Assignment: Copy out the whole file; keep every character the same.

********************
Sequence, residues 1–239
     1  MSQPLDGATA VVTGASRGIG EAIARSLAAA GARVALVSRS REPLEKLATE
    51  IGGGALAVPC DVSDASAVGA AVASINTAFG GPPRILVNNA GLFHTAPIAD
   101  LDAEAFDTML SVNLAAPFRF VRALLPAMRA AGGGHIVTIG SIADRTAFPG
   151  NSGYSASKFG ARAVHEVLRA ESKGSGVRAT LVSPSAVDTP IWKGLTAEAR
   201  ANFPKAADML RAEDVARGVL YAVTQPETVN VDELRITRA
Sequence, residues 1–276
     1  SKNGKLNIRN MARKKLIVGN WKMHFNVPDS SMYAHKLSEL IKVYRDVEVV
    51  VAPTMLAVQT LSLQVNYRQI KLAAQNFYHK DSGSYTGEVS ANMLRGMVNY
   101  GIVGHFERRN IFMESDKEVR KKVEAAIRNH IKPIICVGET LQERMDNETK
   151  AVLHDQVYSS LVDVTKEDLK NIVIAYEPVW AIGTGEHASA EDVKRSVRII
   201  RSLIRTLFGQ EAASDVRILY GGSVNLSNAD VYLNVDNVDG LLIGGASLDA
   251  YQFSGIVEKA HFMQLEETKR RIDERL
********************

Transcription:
Sequence, residues 1–239
     1  MSQPLDGATA VVTGASRGIG EAIARSLAAA GARVALVSRS REPLEKLATE
    51  IGGGALAVPC DVSDASAVGA AVASINTAFG GPPRILVNNA GLFHTAPIAD
   101  LDAEAFDTML SVNLAAPFRF VRALLPAMRA AGGGHIVTIG SIADRTAFPG
   151  NSGYSASKFG ARAVHEVLRA ESKGSGVRAT LVSPSAVDTP IWKGLTAEAR
   201  ANFPKAADML RAEDVARGVL YAVTQPETVN VDELRITRA
Sequence, residues 1–276
     1  SKNGKLNIRN MARKKLIVGN WKMHFNVPDS SMYAHKLSEL IKVYRDVEVV
    51  VAPTMLAVQT LSLQVNYRQI KLAAQNFYHK DSGSYTGEVS ANMLRGMVNY
   101  GIVGHFERRN IFMESDKEVR KKVEAAIRNH IKPIICVGET LQERMDNETK
   151  AVLHDQVYSS LVDVTKEDLK NIVIAYEPVW AIGTGEHASA EDVKRSVRII
   201  RSLIRTLFGQ EAASDVRILY GGSVNLSNAD VYLNVDNVDG LLIGGASLDA
   251  YQFSGIVEKA HFMQLEETKR RIDERL